1. Conventions, Conditions, and Practices of Photography Conceived as a System of Relations
Published: 14.04.2012
in the series Exceptional Position of Photography within the (Art) World
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As works of art have increasingly embraced the polysemy of images—to the point where the question of what a particular image depicts has become all but minor in the discussion of contemporary art—what we generally describe as photography continues to be understood as primarily depictive (and to that end as a transparent medium) and taken in unitary terms (i.e. taken as discrete pictorial worlds rather than as objects in an expansive aesthetic distributive system). In fact, the level of self-awareness about images seems to be the metric by which those who practice photography are relegated to either the attribution  “artist,” or “photographer,” the absence of aesthetic reflexivity delineating the latter from the former, while the photographic itself is often, despite its instrumentality, delivered in theoretical terms as an exemplar of a loss of meaning (at various times theorized as death, or absence), and the domination of the image over the material.

The peculiar instability of photographic meaning has lead many on a fool’s errand, leaving its history littered with false ontologies and misplaced certainties, diverting attention from the political implications of aesthetics to the phantasmagoric world of likenesses. This is not unique to photography, but perhaps photography is exemplary of this confusion. Yet the material conditions underpinning the current state of affairs in the distribution, reception, and production of what we might loosely refer to as the photographic apparatus (conceived in a broad sense as including not only the machinery, but the social systems within which photography operates), have all too easily been swept up in this fantasy of our transcendence into a dematerialized image world.

Needless to say, it is curious that a medium that was born less than two hundred years ago, in the midst of the industrial revolution, would be the primary contemporary vehicle of the western pictorial tradition, as its more established siblings continue to reinvent, and intervene within the conventions of aesthetic reception. There are certainly many reasons for this, some more compelling than others, but this forum seems a valuable opportunity to sketch out this theoretical problem, and reexamine the assumptions associated with that loose collection of practices and theories that we call the photographic, and attempt to propose broader, and perhaps more dynamic tools through which to understand it. This process seems best begun with a discussion of the functional construction of the category of photography.

And in my next posting, I will provide a loose history of this apocalyptic imagination of photography, one which I will argue, is predicated upon the false separation of representation from its material substrate, a problem which begins in structuralism, and has led to a general problem of what Alfred North Whitehead referred to as “the fallacy of misplaced concreteness.” In short, my postings will speculate about the possibility of recovering the term photography, and to reconceive it not as a category whose boundaries are to be analyzed, but a dynamic ever changing system, more a relation between elements, that organizes interactions and flows, than a category that we place certain types of objects within.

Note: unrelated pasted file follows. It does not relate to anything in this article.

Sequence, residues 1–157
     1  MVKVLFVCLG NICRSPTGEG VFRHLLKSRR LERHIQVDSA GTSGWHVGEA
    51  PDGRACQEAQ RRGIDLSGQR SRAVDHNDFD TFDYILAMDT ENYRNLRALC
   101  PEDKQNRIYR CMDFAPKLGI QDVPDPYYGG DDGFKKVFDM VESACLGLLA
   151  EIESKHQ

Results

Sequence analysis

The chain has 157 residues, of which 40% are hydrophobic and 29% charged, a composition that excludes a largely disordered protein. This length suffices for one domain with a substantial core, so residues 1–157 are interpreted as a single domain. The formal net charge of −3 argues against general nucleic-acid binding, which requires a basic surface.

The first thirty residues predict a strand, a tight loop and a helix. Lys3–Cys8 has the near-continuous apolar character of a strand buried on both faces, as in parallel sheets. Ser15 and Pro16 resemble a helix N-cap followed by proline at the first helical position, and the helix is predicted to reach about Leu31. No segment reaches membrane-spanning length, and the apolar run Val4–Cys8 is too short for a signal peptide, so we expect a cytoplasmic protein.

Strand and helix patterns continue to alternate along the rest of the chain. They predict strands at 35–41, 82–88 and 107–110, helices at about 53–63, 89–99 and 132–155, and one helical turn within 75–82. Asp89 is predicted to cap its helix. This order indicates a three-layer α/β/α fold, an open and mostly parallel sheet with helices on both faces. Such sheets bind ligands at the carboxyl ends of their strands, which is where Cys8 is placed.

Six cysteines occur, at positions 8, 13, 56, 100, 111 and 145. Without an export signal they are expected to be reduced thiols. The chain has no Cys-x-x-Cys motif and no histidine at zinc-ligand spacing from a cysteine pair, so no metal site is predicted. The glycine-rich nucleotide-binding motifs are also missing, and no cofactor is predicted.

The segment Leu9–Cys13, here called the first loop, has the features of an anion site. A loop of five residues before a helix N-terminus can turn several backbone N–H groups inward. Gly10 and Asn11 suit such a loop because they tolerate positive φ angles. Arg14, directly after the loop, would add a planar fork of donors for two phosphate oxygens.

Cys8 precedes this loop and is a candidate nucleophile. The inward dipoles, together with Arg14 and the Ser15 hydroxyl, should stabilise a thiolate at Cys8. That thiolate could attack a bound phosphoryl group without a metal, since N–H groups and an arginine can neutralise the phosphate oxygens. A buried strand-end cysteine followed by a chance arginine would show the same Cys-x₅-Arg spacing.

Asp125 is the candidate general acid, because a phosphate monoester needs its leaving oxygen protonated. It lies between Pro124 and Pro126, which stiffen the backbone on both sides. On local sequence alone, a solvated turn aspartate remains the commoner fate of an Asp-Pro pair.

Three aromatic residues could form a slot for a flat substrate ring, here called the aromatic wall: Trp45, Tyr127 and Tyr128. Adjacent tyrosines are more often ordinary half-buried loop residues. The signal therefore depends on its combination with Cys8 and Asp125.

I’ll end with the following questions that come from those I posed last year in the context of the Museum of Modern Art’s ongoing series of discussions of photography, questions which are, to me, still unresolved, and also seem germane to the discussion of photography taking place here:

What, if anything, is to be gained by approaching photography as a discrete medium? Is there truly any solidity to a category that links together everything from the gelatin silver print, to the magazine page, the computer screen, the billboard etc. all of which have distinctly different modes of address, access to audience, and distributive networks? Do they all require the same or similar questions? Even if the “same” image occurs in each of these instances, does it make them, for all intents and purposes, equivalent? Or is this just a vernacular misuse of the term photograph, using the word photograph as though it was synonymous with picture or image, a confusion of a schematic formal similarity for material/epistemological/ideological continuity? Does it make as much sense to describe a reproduction of a painting in a magazine as a painting? Or should our approach to how to discuss that material shift be different, and if so, exactly how should it be different, since the material transformation from a painting to the printed page is akin to the transformation of the photographic print or digital file to the printed page? Does it have to do with what qualities we assume are germane to the photograph, and which are not? What qualities are these? And finally, what tacit assumptions are being made when we link these, or the multitude of other distributive forms of the photograph together?

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